New questions about racial disparity among those vaccinated in U.S.

WASHINGTON, D.C. — New data shows a national disparity when it comes to people of color receiving the COVID-19 vaccine.

Researchers say white people are getting shots at a dramatically higher rate than other groups.

Samantha Artiga, with the Kaiser Family Foundation, found the racial breakdown of the vaccine distribution consistent in 16 states.

“In particular, black and Hispanic people have received smaller shares of vaccination, compared to accounting for disproportionate shares of cases and deaths in many states,” said Artiga.

In Florida, Artiga said early data showed 76% of the people who had been vaccinated were white while fewer than 6% were black.

Leaders in New York City say a vaccination site in a Latino neighborhood saw an overwhelming number of white people from outside the community show up to get the shot earlier this month.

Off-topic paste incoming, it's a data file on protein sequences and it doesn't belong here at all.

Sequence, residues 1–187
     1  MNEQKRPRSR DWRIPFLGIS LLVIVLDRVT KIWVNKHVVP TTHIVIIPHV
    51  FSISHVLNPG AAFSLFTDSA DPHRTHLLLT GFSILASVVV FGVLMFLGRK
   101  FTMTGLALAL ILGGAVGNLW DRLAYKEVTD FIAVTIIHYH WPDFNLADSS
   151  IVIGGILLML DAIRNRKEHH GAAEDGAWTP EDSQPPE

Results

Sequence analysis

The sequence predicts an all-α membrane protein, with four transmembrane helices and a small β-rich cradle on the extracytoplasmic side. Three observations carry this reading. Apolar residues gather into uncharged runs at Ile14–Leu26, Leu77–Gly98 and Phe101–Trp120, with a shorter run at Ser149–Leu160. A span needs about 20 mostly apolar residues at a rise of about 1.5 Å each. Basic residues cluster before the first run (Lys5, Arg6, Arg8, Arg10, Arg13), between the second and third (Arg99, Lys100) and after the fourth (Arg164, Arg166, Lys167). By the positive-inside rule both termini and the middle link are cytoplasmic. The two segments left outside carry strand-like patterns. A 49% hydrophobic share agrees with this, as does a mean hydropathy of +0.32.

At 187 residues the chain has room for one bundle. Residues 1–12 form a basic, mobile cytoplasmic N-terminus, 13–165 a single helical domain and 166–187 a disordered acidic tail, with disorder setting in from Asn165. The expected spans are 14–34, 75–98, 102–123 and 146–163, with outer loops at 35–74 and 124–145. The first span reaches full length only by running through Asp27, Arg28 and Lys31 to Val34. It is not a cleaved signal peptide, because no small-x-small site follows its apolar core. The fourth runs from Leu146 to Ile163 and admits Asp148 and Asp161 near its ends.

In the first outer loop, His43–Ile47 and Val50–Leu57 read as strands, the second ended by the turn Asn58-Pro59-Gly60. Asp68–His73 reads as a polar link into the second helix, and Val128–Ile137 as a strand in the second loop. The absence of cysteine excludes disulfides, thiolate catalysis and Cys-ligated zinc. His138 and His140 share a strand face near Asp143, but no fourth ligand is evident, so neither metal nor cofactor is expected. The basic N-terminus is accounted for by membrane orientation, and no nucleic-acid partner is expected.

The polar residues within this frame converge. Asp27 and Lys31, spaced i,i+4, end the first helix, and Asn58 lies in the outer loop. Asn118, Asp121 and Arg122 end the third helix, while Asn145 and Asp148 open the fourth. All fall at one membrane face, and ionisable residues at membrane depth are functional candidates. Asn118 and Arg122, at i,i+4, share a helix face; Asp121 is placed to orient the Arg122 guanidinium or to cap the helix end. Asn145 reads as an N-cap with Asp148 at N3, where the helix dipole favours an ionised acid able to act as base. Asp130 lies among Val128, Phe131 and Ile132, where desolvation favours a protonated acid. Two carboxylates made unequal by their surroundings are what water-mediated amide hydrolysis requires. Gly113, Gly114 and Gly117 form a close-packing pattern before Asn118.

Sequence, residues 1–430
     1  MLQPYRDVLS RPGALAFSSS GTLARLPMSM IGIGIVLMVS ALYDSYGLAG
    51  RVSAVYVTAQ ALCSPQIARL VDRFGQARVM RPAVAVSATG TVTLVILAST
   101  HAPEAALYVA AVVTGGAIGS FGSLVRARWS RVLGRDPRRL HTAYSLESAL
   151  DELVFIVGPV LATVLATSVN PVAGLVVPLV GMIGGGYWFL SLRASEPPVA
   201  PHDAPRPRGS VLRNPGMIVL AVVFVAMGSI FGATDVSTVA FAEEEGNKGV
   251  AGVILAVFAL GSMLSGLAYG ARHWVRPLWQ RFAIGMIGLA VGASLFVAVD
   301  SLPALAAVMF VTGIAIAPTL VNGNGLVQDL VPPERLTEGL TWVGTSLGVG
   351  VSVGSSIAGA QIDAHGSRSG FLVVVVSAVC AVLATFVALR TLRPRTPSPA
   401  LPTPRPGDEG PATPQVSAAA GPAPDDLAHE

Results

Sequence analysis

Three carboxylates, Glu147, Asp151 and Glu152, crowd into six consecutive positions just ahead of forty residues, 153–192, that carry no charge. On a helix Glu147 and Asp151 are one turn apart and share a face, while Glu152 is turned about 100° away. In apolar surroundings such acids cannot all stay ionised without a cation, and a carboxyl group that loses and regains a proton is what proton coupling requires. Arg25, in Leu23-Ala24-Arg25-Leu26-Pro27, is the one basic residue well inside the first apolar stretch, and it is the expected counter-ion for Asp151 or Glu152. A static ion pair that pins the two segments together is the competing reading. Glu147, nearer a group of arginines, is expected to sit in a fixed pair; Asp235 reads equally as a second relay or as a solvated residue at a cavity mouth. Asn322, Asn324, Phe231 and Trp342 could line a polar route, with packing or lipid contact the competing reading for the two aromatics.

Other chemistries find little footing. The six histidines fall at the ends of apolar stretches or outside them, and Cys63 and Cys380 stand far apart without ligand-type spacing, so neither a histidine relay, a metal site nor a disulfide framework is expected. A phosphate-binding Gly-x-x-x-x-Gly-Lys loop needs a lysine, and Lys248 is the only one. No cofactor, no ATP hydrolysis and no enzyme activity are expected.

“It is outrageous! The more I learn about this, the angrier I get,” said Mayor Bill de Blasio.

Experts say racial barriers and unequal access to health care are some of the reasons for the difference.

“It also will be important to ensure that people are receiving clear information about how and where they can access the vaccine, and that they are receiving information that directly addresses any concerns they may have,” said Artiga.

Federal researchers point out racial data is missing for some people who received the vaccine in the first month.